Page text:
Millie Blake has a love affair that goes wrong, so Millie plays the field recklessly from that point on. When she finds out that one of the reckless players from her past has now cast his ... See full summary »
John Francis Dillon
In Panama, notorious nightclub hostess Carlotta kills a man in self-defense and is arrested for murder. Defending her at her trial is Dick Grady, a lawyer who has wasted his talent on ... See full summary »
Radio singer Glory Eden is publicized as the ideal of American womanhood, in order to sell the sponsor's product Ippsie-Wippsie Washcloths. In reality, Glory would like to at least sample ... See full summary »
One of over 700 Paramount Productions, filmed between 1929 and 1949, which were sold to MCA/Universal in 1958 for television distribution, and have been owned and controlled by Universal ever since. See more »
Superb Acting -- Fluid Camerwork -- Solid Precode Plot -- Why Is This Movie Obscure?
In 24 HOURS, Clive Brook drinks, Miriam Hopkins sings, Kay Francis suffers, and Regis Toomey acts. Only two of them will survive to the end of this engrossing movie. Can those two find happiness, or at least a little recognition for their fine performances?
It's always a surprise to find a gem hiding in a shady corner of the internet, and distressing to find that the only way to discover this one is through a wanton copyright violator (now shut down). In this case -- I think the reason for the obscurity is lack of TCM exposure, and a copyright owner who has not found the hook to release an 83 year old movie, because the director isn't Wellman, Hawks, Lubitsch, Ford, or Curtiz, and the stars, while certainly well enough loved by fans of the pre-code, don't get a lot of notice today.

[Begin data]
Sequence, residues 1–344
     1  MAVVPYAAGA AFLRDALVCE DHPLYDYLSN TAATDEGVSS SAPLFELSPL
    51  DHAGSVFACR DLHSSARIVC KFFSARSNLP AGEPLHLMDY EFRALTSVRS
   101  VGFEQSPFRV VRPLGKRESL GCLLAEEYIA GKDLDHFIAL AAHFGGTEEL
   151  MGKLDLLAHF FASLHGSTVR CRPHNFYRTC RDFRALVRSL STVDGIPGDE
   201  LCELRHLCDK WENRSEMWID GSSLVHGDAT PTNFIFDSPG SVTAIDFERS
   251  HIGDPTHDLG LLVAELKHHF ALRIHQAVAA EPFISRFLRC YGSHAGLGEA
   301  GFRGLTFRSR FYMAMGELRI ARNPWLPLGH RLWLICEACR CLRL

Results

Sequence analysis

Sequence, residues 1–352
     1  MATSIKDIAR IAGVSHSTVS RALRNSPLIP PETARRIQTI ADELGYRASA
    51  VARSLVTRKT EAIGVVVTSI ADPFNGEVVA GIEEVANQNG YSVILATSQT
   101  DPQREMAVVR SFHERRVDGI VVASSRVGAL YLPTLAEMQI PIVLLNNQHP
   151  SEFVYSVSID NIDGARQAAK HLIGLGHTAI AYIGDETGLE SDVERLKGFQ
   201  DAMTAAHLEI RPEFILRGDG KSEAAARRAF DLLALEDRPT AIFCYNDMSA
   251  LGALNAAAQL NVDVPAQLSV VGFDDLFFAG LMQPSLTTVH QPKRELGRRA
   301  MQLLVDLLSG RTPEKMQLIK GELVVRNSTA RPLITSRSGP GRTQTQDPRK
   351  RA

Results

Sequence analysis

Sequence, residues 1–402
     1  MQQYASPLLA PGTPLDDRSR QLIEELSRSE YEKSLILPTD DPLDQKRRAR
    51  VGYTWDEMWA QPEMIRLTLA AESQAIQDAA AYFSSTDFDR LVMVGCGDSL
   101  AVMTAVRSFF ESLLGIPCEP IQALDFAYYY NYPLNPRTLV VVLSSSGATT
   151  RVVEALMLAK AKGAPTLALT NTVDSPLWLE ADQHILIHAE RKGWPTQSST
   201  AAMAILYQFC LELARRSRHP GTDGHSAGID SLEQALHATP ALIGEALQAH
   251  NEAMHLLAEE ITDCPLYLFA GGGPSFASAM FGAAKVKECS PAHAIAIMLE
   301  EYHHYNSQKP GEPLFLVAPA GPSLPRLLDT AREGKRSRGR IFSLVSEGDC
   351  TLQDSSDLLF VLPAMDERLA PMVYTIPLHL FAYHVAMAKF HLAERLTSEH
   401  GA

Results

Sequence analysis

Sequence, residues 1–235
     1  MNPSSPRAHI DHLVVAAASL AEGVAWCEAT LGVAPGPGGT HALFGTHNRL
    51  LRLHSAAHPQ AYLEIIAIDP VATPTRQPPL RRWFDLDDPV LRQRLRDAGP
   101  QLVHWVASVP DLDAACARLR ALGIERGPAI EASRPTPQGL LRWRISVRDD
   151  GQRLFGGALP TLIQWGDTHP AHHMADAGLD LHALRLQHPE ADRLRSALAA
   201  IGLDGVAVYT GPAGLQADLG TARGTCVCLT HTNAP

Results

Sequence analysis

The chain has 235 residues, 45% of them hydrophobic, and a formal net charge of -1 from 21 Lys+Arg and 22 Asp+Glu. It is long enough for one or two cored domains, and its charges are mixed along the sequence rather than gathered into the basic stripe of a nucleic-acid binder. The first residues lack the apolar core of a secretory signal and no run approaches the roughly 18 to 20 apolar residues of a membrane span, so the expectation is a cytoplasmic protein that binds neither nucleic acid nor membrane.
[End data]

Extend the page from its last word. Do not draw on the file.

This is a real shame, in this case, because this one is a real find, helped by the very strong acting and a plot with a strong strain of melancholy, and sense of doom which. with the striking photography, suggests film noir. Colin Clive and Regis Toomey are responsible for a lot of arid celluloid, but in this case, the director has drawn out strong performances out of both of them. Kay Francis delivers a good performance out of the one thankless role (the suffering wife), and Miriam Hopkins does real well with the nightclub singer who has more personality than voice.
I'm sure the movie will reappear again -- as long as copyright owners bury their lest well-known product -- violators of 80 year old copyrights will flourish. But, really, this one deserves a reissue in a shining new print. Olive Films? Criterion Collection? TCM? Universal? How about it?
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